Shortly after we debuted this show a special visitor came to town from India with a unique one off workshop. I met Uday Deshpande and learned what Mallakhamb was. At the end of class he passed out a business card with his details. I put the business card in my wallet and said, I’ll see you in India. Months later I bought a flight to India. I emailed him to tell him I was coming. But he never responded. I emailed again. Nothing. I knew I was headed for Mumbai, I had nothing planned, no hotel booked. Just a little bit of money and a business card with a smiling man on a rope on it. I spent my first night unknowingly in a brothel hotel. Heard moaning and footsteps coming and going all night. Sleepless, jacklegged and alone I set out in the morning, business card in hand to seek out my teacher. I walked all over the city, asked so many people, called the phone number on the card, but the person on the line didn’t speak English. I took several taxi’s who kept holding the card up to other people asking them where the place was. Frustrated I’d get out of the car and get into another one. Finally just before dusk I found the place. It was a earthen building on the corner of a dusty field. I walked in and asked for Uday Deshpande. The man at the desk said he as gone for the day, asked me my name and told me to come back tomorrow at 6am. The next day, distressed from my whole misadventure and hoping for some answers, I walked in. Uday smiled wide and said, Miss Holmes let’s begin. “but . . . but” I stammered, “I emailed. You didn’t answer” His response was, “ Yes, this is India. Now let’s begin.”
On returning to the states I moved to San Francisco where Rain Anya and I merged paths again and restarted Paper Doll Militia. Rain Anya is what I call my “Aerial Life Partner” we have now worked together for well over a decade. And another crazy layer to this story is that during this time in San Francisco my brother came to visit, me. They fell in love and are now married.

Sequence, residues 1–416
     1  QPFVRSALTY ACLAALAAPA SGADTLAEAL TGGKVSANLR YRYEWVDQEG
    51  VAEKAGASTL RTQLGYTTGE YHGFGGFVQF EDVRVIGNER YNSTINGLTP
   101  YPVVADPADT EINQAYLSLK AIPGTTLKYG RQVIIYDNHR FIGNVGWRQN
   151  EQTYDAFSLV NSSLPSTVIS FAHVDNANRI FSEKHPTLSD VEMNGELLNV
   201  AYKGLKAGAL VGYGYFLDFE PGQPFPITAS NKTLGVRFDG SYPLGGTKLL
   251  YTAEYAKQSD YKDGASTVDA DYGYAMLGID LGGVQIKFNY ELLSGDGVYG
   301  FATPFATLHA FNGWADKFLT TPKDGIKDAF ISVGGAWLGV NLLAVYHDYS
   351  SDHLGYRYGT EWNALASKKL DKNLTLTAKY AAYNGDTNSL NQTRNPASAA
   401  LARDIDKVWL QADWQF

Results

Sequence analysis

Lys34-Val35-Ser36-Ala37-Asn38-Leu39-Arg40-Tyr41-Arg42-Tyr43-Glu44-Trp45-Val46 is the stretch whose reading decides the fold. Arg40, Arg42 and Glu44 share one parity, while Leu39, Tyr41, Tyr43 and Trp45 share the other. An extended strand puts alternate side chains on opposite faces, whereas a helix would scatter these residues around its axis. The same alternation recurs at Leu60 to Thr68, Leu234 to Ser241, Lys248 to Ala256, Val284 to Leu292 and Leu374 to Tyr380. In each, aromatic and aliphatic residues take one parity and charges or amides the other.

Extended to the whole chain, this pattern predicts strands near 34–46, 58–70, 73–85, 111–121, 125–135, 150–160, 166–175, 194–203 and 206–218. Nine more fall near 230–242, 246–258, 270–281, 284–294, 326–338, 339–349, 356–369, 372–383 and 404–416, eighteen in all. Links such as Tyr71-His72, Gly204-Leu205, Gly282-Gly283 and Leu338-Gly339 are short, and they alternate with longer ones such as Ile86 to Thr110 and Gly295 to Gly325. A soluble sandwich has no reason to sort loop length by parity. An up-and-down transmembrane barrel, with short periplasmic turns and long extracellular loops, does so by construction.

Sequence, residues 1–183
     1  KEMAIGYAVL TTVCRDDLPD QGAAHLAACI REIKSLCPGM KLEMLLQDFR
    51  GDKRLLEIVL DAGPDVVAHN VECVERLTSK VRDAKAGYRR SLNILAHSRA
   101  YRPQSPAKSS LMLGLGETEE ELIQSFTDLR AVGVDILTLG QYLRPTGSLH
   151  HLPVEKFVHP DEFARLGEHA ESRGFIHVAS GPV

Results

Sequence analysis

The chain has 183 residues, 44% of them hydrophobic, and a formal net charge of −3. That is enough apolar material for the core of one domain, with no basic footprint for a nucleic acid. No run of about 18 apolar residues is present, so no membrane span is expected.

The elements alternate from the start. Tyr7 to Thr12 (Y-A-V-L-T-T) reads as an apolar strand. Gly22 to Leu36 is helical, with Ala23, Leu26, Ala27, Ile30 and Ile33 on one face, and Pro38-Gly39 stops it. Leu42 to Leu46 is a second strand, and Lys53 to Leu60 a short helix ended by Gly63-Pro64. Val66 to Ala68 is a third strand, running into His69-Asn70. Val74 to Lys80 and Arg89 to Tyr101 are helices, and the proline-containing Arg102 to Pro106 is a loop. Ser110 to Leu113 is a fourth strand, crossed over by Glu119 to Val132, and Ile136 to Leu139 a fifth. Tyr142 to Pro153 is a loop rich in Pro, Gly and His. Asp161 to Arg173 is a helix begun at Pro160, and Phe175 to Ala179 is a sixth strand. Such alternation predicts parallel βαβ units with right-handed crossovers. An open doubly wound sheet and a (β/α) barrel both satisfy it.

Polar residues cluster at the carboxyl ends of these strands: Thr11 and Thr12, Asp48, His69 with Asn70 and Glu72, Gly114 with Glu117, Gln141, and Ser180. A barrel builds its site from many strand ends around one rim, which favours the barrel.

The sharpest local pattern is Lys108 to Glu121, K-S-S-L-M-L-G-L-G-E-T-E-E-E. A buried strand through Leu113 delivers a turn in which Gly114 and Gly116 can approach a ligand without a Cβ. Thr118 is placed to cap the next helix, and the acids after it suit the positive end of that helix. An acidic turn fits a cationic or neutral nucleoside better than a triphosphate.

What advice would you give to your younger self?
Don’t have grief over feeling like you started too late.
I could have gone so far I thought, if only I’d had circus classes as I kid. Everyone wishes they had started earlier than they had. 20 year old beginners old wish they started when they were 10, 40 year old beginners wish they had started when they were 20. Don’t regret. Love what you do. Love it now, aim for doing it for as long as you can.
Don’t regret missed opportunities
If it didn’t happen it wasn’t meant to be, something better is waiting for you. Where one door closes another opens.
Good things take time. Don’t worry. You won’t be too old or broken by the time that beautiful project happens. Keep working on it slowly, it will come.
Celebrate other people’s success.
And tell them.
Research and Seek even more
Learn who is making work, learn what they do and where are they? Seek out more mentors. Find people who you appreciate and go and have a coffee with them. Travel far and wide to take private lessons with anyone you think you could learn something from. Don’t be afraid to ask to be someone’s student. There are so many beautiful things to learn and so many that came before you who have stories to share.
Your advice to someone just starting out now.
Everything was new and exciting when I started because there was no social media, and there were only a few circus acts on youtube. So I had the joy of disillusionment and the ease of ignorance. Now there are so many incredible circus artists who you can see with the flick of a finger. It’s amazing for access to information and inspiration. However, I’m sure it could also damage to your idea of yourself and your own abilities. When I started I could train in the void with my peers and think what we did was great, cause we didn’t know how high skilled people really were out there. Give yourself a break sometimes. Designate a screen free session where you train without looking online and where you don’t film yourself. Improvise and feel your body move, enjoy the sensation and freedom of you. You are incredible.
Any specific learning from the year we’ve just had? A hope for the future – or not!
I don’t have any answers, only questions. What is your ideal day? How much time do you want to be on your computer? How much time do you want to be training? How much time do you want to be doing something else? How much time would you like to be unscheduled in your life in order to allow things to present themselves to you?
You can find out more about Sarah here
Photo credit Laszlo Roth